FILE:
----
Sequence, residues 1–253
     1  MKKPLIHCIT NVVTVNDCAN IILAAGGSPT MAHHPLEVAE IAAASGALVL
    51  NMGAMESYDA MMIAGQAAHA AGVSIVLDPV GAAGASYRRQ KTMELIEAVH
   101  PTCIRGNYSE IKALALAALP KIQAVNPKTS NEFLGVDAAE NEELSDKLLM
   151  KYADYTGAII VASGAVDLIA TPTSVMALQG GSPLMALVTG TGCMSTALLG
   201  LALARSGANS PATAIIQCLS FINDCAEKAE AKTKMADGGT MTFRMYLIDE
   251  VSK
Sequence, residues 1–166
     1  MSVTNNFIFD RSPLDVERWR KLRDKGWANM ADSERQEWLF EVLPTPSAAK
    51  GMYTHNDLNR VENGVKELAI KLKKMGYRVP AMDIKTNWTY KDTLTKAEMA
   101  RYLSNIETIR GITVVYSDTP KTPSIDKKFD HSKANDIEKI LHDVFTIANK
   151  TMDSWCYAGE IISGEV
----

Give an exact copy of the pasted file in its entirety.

Sequence, residues 1–253
     1  MKKPLIHCIT NVVTVNDCAN IILAAGGSPT MAHHPLEVAE IAAASGALVL
    51  NMGAMESYDA MMIAGQAAHA AGVSIVLDPV GAAGASYRRQ KTMELIEAVH
   101  PTCIRGNYSE IKALALAALP KIQAVNPKTS NEFLGVDAAE NEELSDKLLM
   151  KYADYTGAII VASGAVDLIA TPTSVMALQG GSPLMALVTG TGCMSTALLG
   201  LALARSGANS PATAIIQCLS FINDCAEKAE AKTKMADGGT MTFRMYLIDE
   251  VSK
Sequence, residues 1–166
     1  MSVTNNFIFD RSPLDVERWR KLRDKGWANM ADSERQEWLF EVLPTPSAAK
    51  GMYTHNDLNR VENGVKELAI KLKKMGYRVP AMDIKTNWTY KDTLTKAEMA
   101  RYLSNIETIR GITVVYSDTP KTPSIDKKFD HSKANDIEKI LHDVFTIANK
   151  TMDSWCYAGE IISGEV